Why a straight array for canvas.getImageData?

One of the things that’s perplexed me about HTML 5 was the decision to string the color component values of getImageData together in a straight, one dimensional array. From a developer’s perspective, it is both inconvenient and unperformant to have to carefully loop through each of the values by adding 1, 2, and 3 to the indices of the colors. From an organizational perspective, it’s a nightmare because you have to copy the array to an array of appropriately structured objects to make sense of the data. This copying slows all operations down by orders of magnitude and needlessly complicates code. Why not make an array of objects with properties red, green, blue, and alpha?

It is actually more performant to return a one dimensional array of groups of four elements, because this is what is stored in the native code in the browser. Constructing thousands (or even millions) of small Pixel objects with r, g, b and a properties would be a significant performance impact. It’s straightforward to do this yourself if you want, but the conversion to and from this format would probably be a lot slower than the pixel operations you were going to do anyway.

One technique I like is to make a Uint32Array view to the returned data. Now each pixel is one array element, and you can pick out pixels with bitwise logic (which is very fast).


It’s also useless, because any and all operations you’d need to access the image buffer for require direct interaction with the color components. Your bitwise logic operations would be redundant if the pixels were sorted into object arrays at the browser level, nor are they faster than to create object arrays. It makes zero sense for browser vendors to code canvas pixels as a straight array, unless that’s the way the hardware expects it to be fed and even then, a “visor” could interpret the array as objects in the same way Uint32Array interprets the array as an integer. Your bitwise logic extractions are absolutely not faster, or even as fast, than a one-time native code object array struct.

Just to find out, I made an algorithm which extracts palettes from true colors images and exchanges them. The one which compensates for the array not being sorted into objects is actually slower than the one which does. Switching just one image’s palette takes 2 1/2 minutes on a Core2Duo 2.66 Ghz machine with one core.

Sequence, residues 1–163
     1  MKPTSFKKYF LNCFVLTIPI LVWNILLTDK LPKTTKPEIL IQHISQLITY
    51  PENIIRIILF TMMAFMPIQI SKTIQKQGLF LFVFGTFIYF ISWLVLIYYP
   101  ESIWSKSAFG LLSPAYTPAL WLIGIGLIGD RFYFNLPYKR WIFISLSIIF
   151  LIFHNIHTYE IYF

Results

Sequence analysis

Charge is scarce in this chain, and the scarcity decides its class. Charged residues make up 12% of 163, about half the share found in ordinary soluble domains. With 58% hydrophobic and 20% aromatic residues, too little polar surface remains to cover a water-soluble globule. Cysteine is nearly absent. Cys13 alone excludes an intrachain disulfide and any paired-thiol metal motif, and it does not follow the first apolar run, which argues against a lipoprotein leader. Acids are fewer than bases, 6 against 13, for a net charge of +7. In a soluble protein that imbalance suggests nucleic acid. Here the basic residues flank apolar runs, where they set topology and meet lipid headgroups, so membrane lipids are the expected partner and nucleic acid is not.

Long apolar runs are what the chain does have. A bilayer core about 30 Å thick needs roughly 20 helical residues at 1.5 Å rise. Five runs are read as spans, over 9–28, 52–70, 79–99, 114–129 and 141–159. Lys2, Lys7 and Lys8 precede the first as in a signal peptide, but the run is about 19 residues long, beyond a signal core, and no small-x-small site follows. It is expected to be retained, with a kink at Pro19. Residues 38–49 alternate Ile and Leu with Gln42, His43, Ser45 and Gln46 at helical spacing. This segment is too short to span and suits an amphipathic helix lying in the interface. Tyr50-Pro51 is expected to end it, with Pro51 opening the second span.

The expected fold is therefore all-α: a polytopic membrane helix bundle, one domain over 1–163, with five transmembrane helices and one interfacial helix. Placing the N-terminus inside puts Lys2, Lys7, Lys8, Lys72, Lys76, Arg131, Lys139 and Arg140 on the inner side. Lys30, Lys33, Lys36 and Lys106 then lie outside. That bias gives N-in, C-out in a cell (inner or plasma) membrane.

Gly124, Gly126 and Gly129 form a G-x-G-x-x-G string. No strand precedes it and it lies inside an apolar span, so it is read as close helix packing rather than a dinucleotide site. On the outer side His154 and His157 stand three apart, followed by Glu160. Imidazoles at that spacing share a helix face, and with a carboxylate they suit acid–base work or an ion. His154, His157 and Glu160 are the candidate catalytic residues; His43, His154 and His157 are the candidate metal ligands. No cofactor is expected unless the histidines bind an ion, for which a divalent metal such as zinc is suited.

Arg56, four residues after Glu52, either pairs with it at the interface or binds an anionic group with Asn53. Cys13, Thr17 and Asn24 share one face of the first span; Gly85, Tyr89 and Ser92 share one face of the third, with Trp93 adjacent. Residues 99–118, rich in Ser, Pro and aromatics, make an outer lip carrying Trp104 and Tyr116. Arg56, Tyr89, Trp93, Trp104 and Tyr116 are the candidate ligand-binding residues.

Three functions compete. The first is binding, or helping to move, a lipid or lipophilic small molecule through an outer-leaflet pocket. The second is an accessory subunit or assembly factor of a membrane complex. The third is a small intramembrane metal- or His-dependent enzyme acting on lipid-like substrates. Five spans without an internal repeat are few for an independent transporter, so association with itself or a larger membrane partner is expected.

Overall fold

Yes, the hardware does use it in that format too. I have a lot of native code experience and every image related API I have ever used in native land also uses that kind of format. It is the fastest format, because that is the raw representation and converting it to or from anything else would have an O(n) performance overhead.

I’d be curious to see your benchmark, since I am pretty sure the fastest way is to access the typed array directly.

Is that benchmark taking the time to convert the Array into your desired format into account? Remember: this is the format the image is already in. Sending the same format to JS lets the VM assemble the Uint8ClampedArray with a hardware/kernel/stdlib-assisted operation like memcpy under the hood (or even a copy-on-write object that reads directly from the underlying data without needing a special RGBA-address-translation interface) - even doing the work for the conversion in the implementation is still going to have that hitch.

Also, if your comparison is taking the conversion time into account and it’s faster, are you doing linear access for both loops? Row-oriented loops can end up having faster performance, even with higher complexity, than column-oriented loops, due to the performance advantages of cache locality.

No, it doesn’t, because as I explicitly said, I made two version of the algorithm, one with reorganization and one without. You see, the additional operations required to pick out each and every time sum up to more than the cost of reorganization at start, particularly when the data is operated on multiple times. The more complex the operation, the greater the ultimate penalty.

Here’s a fiddle of the whole thing, complete with benchmarking. The operation takes a while so you’ll need to either leave the browser alone during the process (the browser will become unresponsive during the benchmarking), or approve the prompts if your browser tries to time it out.

Instructions: Browse for any two different images using the buttons provided (Image and Palette). Then click “Repalette”. The first image will be recolored to match the palette of the second. You won’t be able to see it though, 1) because the benchmarking requires the original image be used rather than the recolor; and 2) browsers like Firefox have runover problems between setTimeout and long-running code. (I could fix that… it’s not a priority. If you want to see the recolor, comment out the setTimeout in Repalette().)


Okay - so that’s the performance profile for your use case. There’s nothing stopping you from implementing this optimization for your use case.

However, the point I think you might be missing here is that many operations on image data (I would cautiously estimate the majority of them) don’t involve repeated accesses to the same points (some, like a calculation of the convex hull, don’t even access every point). For these use cases, reformatting the array would be a needless performance hit, and for the cases where it does increase performance (I assume because the property accesses get JITted into register operations in a way the VM doesn’t anticipate for typed arrays), it’s using an operation that the end dev can optimize for their own case (maybe you’ll want to implement some layers of memoization alongside the raw channel values).

Here’s a newer edit of the fiddle, with recommendations from Moz’s graphics team. http://jsfiddle.net/hc52jx04/16/

On my computer, the reorganized algorithm is 200x faster.